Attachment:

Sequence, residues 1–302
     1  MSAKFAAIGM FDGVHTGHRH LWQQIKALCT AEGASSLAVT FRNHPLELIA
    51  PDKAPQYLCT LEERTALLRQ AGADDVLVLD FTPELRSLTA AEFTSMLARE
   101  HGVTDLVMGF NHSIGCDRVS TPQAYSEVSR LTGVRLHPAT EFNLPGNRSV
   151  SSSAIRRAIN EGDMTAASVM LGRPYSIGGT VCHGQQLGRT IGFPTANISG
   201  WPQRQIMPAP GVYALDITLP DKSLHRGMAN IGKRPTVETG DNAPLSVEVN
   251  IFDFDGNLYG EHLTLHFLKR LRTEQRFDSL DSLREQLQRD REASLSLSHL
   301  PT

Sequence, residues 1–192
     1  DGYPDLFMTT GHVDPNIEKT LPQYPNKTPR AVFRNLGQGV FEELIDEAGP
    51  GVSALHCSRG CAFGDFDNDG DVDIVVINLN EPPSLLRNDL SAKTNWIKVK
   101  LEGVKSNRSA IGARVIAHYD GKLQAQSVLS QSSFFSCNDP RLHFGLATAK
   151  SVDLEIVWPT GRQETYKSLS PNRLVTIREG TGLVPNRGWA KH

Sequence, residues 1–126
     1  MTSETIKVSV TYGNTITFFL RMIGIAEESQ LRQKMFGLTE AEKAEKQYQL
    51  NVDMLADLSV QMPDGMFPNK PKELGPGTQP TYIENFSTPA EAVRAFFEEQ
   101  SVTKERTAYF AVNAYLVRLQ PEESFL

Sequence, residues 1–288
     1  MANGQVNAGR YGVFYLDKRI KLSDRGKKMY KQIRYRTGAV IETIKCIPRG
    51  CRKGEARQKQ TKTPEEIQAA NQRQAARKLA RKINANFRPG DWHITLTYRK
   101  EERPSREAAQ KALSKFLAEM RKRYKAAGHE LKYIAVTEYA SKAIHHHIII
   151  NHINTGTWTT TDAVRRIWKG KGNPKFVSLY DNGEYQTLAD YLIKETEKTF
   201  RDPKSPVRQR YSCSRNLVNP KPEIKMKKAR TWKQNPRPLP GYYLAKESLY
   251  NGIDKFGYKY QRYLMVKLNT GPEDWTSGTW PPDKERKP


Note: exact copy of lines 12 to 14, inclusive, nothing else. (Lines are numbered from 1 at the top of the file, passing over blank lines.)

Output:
   101  LEGVKSNRSA IGARVIAHYD GKLQAQSVLS QSSFFSCNDP RLHFGLATAK
   151  SVDLEIVWPT GRQETYKSLS PNRLVTIREG TGLVPNRGWA KH

Sequence, residues 1–126